Yes, to build a successful business you need a compelling vision, a quality product or service, a marketing plan, access to capital, and more. The glue that holds this universe together however, is trust.
Trust is what allows people to work together toward a common, shared result. Trust needs to be present before an opportunity to lead others in an authentic way can present itself. No trust, no leadership. For more about the fundamental importance of trust, read Arden Coaching’s blog, “Essentials of Team Performance: Trust.”
Several behaviors combine to create a sense of trust among employees and colleagues and help you build your leadership skills. Recently, we discussed three characteristic elements of trust (“Three Ways to Build Trust”). Let’s explore three more important elements of trust.
The stereotypic image of a “leader” is someone who dominates the stage. A take-charge type who has things to tell you… Lots of things. They step into the spotlight, grab the microphone, and start talking. To build trust, genuine leaders do the opposite. They are great listeners.
Listen deeply. Discover what’s most important to those you lead and what ideas and perspectives they have. Never assume that you have all the answers — or even know what the questions are! For more, read “The Art of Listening,” by Arden Coach Danielle Siegel.
Avoiding issues, sticking your head in the sand, and telling people what you think they want to hear erodes trust (also, read “Beware! The 4 Signs of ‘Under-Management’”). People trust leaders who tackle issues — especially the difficult issues — straight on.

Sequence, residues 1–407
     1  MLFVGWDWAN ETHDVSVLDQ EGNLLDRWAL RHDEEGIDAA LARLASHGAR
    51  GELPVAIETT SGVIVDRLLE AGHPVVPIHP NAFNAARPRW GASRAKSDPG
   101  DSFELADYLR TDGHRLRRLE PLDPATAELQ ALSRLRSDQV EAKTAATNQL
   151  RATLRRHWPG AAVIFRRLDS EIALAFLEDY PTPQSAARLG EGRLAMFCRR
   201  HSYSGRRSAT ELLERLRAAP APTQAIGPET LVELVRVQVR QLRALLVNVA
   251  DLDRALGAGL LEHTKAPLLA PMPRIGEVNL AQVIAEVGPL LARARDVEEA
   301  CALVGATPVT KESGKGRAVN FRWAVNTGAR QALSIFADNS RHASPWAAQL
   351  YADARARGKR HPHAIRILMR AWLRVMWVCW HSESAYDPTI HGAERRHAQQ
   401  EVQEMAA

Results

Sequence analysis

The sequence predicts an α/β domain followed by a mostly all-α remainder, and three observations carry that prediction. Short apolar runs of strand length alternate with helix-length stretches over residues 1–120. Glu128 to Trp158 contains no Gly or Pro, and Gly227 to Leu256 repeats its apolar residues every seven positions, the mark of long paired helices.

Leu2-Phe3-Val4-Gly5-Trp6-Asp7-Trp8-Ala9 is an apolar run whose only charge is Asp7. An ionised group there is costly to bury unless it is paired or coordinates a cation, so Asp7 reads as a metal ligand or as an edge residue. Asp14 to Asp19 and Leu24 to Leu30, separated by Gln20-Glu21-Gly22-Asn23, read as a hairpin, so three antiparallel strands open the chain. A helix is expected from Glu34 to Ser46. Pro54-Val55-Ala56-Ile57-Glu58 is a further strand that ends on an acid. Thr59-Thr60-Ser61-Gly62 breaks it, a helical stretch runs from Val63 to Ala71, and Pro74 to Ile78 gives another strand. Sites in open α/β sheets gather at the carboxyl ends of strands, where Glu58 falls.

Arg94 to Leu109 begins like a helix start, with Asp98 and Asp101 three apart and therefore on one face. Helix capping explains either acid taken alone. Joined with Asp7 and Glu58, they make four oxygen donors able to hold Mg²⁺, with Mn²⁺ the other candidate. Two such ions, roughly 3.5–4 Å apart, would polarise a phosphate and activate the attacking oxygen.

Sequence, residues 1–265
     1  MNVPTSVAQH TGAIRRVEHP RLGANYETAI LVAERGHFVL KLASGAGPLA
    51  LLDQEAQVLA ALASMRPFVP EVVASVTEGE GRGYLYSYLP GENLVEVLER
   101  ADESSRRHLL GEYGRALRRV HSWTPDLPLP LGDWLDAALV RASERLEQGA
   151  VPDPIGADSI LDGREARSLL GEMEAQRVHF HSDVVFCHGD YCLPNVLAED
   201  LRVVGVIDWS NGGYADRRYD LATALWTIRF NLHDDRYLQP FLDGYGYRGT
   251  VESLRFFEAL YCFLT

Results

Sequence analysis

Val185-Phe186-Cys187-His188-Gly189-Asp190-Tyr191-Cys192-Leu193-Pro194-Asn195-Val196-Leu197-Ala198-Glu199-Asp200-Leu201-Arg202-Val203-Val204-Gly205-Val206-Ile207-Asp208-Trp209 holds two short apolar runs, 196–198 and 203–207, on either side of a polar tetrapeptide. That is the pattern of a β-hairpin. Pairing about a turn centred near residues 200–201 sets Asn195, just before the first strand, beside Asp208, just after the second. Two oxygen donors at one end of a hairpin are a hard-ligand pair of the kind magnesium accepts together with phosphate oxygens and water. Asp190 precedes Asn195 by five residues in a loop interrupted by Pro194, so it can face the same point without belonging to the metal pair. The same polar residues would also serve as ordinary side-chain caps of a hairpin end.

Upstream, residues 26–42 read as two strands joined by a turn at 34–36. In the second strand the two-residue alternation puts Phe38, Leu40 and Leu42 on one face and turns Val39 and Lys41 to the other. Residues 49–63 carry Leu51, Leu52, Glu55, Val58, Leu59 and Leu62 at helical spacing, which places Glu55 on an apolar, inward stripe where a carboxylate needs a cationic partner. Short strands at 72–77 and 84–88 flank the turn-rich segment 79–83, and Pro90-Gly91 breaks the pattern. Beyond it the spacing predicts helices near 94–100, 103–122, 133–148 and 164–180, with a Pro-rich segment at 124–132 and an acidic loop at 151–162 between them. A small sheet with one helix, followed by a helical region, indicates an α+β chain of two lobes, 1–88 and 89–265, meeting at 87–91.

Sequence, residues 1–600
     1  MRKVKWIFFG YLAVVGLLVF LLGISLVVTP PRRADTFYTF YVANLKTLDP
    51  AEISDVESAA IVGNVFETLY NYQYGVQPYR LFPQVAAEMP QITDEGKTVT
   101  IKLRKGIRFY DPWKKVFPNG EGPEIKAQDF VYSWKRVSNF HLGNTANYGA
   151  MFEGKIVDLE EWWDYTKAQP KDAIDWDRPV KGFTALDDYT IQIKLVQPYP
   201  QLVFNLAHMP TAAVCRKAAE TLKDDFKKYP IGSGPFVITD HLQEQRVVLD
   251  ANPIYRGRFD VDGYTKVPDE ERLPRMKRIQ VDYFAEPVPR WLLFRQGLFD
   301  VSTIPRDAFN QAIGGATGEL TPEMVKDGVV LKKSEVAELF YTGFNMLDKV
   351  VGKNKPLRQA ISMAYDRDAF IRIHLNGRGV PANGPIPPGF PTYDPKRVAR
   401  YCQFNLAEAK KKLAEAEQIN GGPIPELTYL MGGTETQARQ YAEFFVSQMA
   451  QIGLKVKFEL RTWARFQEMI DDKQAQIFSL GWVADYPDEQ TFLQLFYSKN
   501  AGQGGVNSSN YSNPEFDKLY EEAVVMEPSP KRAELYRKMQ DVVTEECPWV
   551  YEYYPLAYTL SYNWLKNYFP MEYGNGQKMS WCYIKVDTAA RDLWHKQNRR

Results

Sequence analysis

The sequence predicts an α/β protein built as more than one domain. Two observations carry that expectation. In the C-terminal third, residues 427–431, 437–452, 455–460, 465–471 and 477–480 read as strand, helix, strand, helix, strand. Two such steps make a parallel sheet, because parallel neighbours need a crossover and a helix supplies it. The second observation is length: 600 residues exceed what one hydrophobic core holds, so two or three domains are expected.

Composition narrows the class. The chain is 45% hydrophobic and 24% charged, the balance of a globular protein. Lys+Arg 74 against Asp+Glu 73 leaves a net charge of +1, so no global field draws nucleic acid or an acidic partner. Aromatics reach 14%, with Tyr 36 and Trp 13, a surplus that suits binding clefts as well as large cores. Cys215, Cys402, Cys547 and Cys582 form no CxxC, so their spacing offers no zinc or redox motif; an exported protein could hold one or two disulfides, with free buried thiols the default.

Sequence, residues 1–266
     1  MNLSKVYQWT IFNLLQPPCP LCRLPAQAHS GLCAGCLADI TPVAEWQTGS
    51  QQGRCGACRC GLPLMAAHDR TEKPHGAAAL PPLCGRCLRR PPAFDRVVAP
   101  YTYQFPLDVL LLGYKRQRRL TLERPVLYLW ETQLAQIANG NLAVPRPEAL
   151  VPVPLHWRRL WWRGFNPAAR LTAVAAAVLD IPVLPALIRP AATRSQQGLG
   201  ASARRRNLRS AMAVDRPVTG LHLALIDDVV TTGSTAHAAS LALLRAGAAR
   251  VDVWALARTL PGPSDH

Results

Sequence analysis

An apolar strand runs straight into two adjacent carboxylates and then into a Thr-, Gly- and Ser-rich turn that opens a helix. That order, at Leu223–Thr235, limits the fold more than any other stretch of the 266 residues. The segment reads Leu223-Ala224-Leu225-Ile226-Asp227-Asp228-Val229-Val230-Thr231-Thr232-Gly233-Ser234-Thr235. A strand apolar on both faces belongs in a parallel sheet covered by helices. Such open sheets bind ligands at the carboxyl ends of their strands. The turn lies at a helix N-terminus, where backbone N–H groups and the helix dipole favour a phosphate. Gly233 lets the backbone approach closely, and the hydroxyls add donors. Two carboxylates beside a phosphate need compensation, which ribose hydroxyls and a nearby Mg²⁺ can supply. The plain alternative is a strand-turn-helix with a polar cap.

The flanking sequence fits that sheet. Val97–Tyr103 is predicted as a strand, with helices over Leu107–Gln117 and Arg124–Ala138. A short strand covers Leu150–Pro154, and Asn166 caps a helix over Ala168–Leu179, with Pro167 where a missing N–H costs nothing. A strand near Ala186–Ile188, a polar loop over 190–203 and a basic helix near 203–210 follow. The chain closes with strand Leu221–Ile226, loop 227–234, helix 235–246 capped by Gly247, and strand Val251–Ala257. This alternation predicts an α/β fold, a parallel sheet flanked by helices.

Acknowledge and communicate about whatever the topic might be. From poor performance and missed project deadlines to organizational budgets and layoffs, share what you can honestly. And stay focused on the issue at hand, not individuals. Lead with a high EQ. For more, read “Lessons Learned: Emotional Intelligence is Essential.”
Loyalty can have negative connotations — blindly agreeing with or supporting people no matter what, or even excusing or covering up for the bad behavior of others. Leaders demonstrate positive loyalty when they recognize the work of others and give credit where credit is due. Loyal leaders keep confidences, and when they speak about others, they are very mindful of their intent — no talking about others behind their backs. For more, read “I’d Rather Work with Someone I Trust: Teams, Performance, and Trust.”
In fact, positive loyalty might be summed up in this way: always speak about others as if they were in the room with you.
For a full baker’s dozen critical leadership behaviors that effectively build trust, read “Thirteen Behaviors of a High Trust Leader.”
To learn more about improving levels of trust in your organization and building leadership capabilities, contact Arden Coaching at [email protected] or 646.684.3777.